Permaculture design: the struggle begins

One of the design teams discuss their conceptual design during the September Permaculture Design Certification class at Venetucci Farm. (Photo by Steven Saint)

by Trudy Thomas

Permaculture taken seriously is a hard pill to swallow. The ethics and principles used in the design process are not motivated by endless growth and accumulated wealth, but on working with others in a non-competitive manner. For most Americans, this is like trying to write with your non-dominant hand. It’s so … awkward.

Pikes Peak Permaculture’s September design certification class met for the second time at Venetucci Farm where the six teams worked on conceptual designs.  Designs focused on the larger patterns we had observed. Zones for the flow and use of energy played a prominent role as did sectors or outside forces that move in a definite direction across the sites. Out of these patterns, design ideas were generated and guided by the 12 principles. At the end of the weekend, teams presented their preliminary design to the rest of the class.

Related: See photo gallery from the Sept. class

But what emerged as the hardest part of the whole process was something permaculturist Brock Dolman of California’s Occidental Arts and Ecology Center calls the “ego system.” It’s the system of interpersonal relationships where power raises its ugly head: One team member wants the food forest “here” and another member wants it “there;” someone dominates discussions time and time again, bulldozing the ideas of others; hard-won information is not easily shared.

The drive to “show up” the other teams begins to seep into the process as do concerns others will steal ideas. The ego system creates stress, ill will and whispered conversations. It destroys Permaculture.

It’s not that anyone in the class intends to be competitive. It’s ingrained. Our society runs on it. We all feel its adrenaline. Permaculture challenges us not to act upon it, to let its poison run its course so that we become immune to it.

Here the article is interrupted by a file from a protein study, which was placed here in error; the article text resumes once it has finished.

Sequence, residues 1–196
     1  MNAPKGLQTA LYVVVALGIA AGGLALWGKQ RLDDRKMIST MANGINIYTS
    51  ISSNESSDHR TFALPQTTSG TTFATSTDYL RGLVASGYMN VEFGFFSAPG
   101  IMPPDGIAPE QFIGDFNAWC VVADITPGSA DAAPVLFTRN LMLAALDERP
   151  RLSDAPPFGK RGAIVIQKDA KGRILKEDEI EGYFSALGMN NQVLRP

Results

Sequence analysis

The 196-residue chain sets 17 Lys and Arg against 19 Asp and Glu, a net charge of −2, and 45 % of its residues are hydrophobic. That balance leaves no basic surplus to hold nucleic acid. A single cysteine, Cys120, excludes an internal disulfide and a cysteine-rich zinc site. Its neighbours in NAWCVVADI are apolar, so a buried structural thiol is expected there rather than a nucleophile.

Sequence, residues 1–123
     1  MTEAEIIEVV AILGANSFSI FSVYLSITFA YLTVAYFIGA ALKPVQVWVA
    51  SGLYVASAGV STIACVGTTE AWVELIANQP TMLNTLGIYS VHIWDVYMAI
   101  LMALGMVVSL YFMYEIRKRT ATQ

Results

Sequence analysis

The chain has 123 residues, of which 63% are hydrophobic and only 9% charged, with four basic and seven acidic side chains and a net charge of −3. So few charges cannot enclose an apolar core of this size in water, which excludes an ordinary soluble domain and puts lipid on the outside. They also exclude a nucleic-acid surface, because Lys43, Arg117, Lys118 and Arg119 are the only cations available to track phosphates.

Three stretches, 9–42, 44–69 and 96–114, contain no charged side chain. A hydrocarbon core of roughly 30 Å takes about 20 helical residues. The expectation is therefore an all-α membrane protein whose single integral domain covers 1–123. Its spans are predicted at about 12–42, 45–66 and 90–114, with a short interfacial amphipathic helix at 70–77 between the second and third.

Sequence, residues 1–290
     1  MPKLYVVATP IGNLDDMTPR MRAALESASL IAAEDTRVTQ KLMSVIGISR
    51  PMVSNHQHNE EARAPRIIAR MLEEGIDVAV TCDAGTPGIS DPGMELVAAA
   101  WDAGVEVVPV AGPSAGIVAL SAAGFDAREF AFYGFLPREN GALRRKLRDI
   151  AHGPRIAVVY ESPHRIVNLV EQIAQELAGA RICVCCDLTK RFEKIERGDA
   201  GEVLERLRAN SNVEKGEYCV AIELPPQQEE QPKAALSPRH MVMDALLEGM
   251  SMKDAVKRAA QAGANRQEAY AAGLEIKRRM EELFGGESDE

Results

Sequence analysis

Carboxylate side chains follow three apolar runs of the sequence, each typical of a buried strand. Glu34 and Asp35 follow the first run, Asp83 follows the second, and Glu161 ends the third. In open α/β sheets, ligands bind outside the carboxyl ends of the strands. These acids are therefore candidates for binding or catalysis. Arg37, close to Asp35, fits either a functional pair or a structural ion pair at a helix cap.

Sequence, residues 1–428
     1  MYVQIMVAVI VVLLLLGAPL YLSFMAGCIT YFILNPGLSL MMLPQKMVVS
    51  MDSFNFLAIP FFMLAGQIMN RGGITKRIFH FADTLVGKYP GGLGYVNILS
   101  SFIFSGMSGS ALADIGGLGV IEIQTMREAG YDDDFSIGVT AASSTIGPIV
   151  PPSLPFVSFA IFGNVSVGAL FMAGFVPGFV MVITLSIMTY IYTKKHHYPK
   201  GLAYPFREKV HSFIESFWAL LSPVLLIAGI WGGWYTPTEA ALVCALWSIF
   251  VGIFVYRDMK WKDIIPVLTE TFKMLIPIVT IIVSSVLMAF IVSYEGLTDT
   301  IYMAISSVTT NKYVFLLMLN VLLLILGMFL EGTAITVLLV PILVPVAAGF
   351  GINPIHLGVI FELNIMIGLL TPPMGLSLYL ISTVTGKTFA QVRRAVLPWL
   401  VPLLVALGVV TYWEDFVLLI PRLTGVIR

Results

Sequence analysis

Asked about the best way to get going as a permaculturist, Permaculture Co-founder David Holmgren suggested a personal approach. “Whatever the starting point, it should become clear that the most important application of permaculture ethics and principles is to the self, through a process of self-audit of our needs, wants, dependencies, creative and productive outputs and byproducts of our very existence,” Holmgren said.

In other words, we become the change we seek.

Clearly we must constantly remind ourselves of the principles and Permaculture ethics: earth care, people care and fair share. Because the truth is, we need all of it and all of us in order to survive into the future.

Architect says help the planet by saving energy

P3083808a-300x206by Trudy Thomas

Casting stones at companies that devastate the environment to wrest fossil fuels from the earth may seem justified. Using billions of gallons of water to frack for oil and gas is loathsome, right? But those who grouse about it must contend with the fact that they themselves are not without sin. The way we heat and cool our homes, preserve food, cook meals, wash dishes, dry clothes and style our hair contributes to bloated, inefficient energy demands on our beleaguered planet.

Local architect Scott Harvey reminded students at the August permaculture design certification class that not all technologies are equal. Some are useful when appropriately applied while others offer convenience at a high energy cost. We can choose to use energy when we really need it, to conserve as much as possible or abandon technology that indiscriminately spends energy.

Related: See photos from the August class

According to a Consumer Reports wattage calculator, the top capacity household appliances, greatest to least, are central air conditioning, electric oven, electric clothes dryer, dishwasher, hair dryer, iron, toaster oven, vacuum cleaner, coffee maker, microwave and refrigerator. Online sources vary slightly in the order but generally speaking, these are the biggest energy consumers.